Reactive Oxygen Species and Mitochondrial Adenosine Triphosphate-Regulated Potassium Channels Mediate Helium-Induced Preconditioning Against Myocardial Infarction In Vivo

Department of Anesthesiology, Medical College of Wisconsin, Milwaukee, Wisconsin, United States
Journal of cardiothoracic and vascular anesthesia (Impact Factor: 1.48). 09/2008; 22(4):554-9. DOI: 10.1053/j.jvca.2008.04.005
Source: PubMed

ABSTRACT Helium produces preconditioning by activating prosurvival kinases, but the roles of reactive oxygen species (ROS) or mitochondrial adenosine triphosphate-regulated potassium (K(ATP)) channels in this process are unknown. The authors tested the hypothesis that ROS and mitochondrial K(ATP) channels mediate helium-induced preconditioning in vivo.
A randomized, prospective study.
A university research laboratory.
Male New Zealand white rabbits.
Rabbits (n = 64) were instrumented for the measurement of systemic hemodynamics and subjected to a 30-minute left anterior descending coronary artery (LAD) occlusion and 3 hours of reperfusion. In separate experimental groups, rabbits (n = 7 or 8 per group) were randomly assigned to receive 0.9% saline (control) or 3 cycles of 70% helium-30% oxygen administered for 5 minutes interspersed with 5 minutes of an air-oxygen mixture before LAD occlusion with or without the ROS scavengers N-acetylcysteine (NAC; 150 mg/kg) or N-2 mercaptoproprionyl glycine (2-MPG; 75 mg/kg), or the mitochondrial K(ATP) antagonist 5-hydroxydecanoate (5-HD; 5 mg/kg). Statistical analysis of data was performed with analysis of variance for repeated measures followed by Bonferroni's modification of a Student t test.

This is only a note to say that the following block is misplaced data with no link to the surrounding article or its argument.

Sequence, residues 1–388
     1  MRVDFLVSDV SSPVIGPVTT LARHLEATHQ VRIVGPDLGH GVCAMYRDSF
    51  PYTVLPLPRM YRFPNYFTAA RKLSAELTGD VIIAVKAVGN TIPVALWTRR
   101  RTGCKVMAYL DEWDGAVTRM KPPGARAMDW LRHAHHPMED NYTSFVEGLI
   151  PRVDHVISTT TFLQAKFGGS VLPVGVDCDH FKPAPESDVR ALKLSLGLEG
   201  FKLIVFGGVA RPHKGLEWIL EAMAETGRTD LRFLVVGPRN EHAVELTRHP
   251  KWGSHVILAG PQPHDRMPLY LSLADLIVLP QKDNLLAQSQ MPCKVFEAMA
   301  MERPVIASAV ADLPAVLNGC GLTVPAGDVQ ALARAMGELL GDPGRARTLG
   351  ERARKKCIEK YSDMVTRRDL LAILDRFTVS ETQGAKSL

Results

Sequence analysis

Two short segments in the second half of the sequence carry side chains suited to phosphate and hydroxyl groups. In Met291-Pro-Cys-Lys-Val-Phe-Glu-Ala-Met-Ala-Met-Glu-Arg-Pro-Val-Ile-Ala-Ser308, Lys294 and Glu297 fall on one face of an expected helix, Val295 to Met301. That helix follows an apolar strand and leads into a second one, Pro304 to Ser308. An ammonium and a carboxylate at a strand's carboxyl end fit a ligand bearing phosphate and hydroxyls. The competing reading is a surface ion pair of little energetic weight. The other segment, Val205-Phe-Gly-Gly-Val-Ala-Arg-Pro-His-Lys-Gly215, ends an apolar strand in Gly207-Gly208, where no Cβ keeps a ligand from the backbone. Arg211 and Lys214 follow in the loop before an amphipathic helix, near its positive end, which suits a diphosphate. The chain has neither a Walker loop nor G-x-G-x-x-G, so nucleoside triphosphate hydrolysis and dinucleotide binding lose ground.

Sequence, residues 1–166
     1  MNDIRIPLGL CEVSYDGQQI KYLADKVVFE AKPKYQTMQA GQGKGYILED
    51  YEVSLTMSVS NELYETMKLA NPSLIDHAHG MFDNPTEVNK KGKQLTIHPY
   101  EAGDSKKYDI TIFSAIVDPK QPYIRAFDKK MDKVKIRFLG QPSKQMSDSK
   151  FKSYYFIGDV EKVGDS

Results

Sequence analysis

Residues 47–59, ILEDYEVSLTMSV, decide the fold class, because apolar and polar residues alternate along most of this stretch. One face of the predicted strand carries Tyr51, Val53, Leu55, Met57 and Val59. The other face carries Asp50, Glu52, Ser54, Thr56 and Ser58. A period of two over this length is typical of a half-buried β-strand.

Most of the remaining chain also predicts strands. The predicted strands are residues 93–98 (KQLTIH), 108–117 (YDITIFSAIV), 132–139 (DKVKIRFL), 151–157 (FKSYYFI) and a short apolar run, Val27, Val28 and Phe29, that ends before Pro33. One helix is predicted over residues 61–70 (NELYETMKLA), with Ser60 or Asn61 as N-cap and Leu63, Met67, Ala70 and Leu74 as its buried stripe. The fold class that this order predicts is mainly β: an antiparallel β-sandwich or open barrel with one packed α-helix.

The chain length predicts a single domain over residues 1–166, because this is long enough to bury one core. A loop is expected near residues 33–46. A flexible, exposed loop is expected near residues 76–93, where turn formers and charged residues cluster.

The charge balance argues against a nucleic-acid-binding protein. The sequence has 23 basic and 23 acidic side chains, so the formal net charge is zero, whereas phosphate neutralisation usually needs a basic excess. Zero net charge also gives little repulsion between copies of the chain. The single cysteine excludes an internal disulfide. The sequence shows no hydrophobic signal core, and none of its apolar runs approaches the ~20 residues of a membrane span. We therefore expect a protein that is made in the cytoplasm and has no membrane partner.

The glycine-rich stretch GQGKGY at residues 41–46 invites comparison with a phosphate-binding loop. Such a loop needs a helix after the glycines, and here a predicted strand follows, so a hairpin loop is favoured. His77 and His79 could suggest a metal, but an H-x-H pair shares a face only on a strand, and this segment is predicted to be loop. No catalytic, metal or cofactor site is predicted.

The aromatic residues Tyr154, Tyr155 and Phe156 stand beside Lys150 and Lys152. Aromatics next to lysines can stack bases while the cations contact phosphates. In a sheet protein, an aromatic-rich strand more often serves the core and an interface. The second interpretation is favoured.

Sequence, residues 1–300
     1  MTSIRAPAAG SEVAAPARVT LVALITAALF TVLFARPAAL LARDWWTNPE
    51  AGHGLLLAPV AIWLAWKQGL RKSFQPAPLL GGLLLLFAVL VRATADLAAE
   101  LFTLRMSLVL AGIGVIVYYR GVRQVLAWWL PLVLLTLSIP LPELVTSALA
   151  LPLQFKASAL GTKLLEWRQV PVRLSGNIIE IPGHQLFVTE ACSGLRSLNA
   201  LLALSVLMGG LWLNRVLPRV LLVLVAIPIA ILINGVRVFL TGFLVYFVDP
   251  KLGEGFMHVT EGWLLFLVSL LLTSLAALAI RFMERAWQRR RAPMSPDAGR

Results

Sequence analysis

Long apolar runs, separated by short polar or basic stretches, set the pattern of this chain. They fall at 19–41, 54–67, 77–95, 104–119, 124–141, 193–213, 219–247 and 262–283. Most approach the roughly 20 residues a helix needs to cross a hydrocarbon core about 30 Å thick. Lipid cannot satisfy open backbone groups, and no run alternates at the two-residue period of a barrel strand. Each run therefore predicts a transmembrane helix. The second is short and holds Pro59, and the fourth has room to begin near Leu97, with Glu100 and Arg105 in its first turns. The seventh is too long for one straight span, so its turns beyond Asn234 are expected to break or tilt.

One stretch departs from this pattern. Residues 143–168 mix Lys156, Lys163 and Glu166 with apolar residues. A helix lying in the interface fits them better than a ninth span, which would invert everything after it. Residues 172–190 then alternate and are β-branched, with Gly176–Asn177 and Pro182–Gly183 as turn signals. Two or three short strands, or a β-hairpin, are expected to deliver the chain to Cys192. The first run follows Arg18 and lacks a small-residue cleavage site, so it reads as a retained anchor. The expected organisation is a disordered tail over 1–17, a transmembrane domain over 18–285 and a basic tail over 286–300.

The myocardial infarct size was determined by using triphenyltetrazolium chloride staining and presented as a percentage of the left ventricular area at risk. Helium significantly (p < 0.05) reduced infarct size (23 +/- 4% of the area at risk; mean +/- standard deviation) compared with control (46 +/- 3%). NAC, 2-MPG, and 5-HD did not affect irreversible ischemic injury when administered alone (49 +/- 5%, 45 +/- 6%, and 45 +/- 3%), but these drugs blocked reductions in infarct size produced by helium (45 +/- 4%, 45 +/- 2%, and 44 +/- 3%).
The results suggest that ROS and mitochondrial K(ATP) channels mediate helium-induced preconditioning in vivo.

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Available from: Dorothee Weihrauch, Aug 20, 2015
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    • "Helium is safe for use in clinical practice and diving because of its favourable characteristics and the lack of hemodynamic side effects. Recent experimental research has convincingly shown the protective properties of helium against ischemia in the heart [4] [5] [6] [7] [8] [9] [10] and the brain [11] [12] [13]. These organs can be protected against I/R injury by subjecting them to several short helium episodes according to a specific protocol, known as helium preconditioning (HPC) [4–10,13]. "
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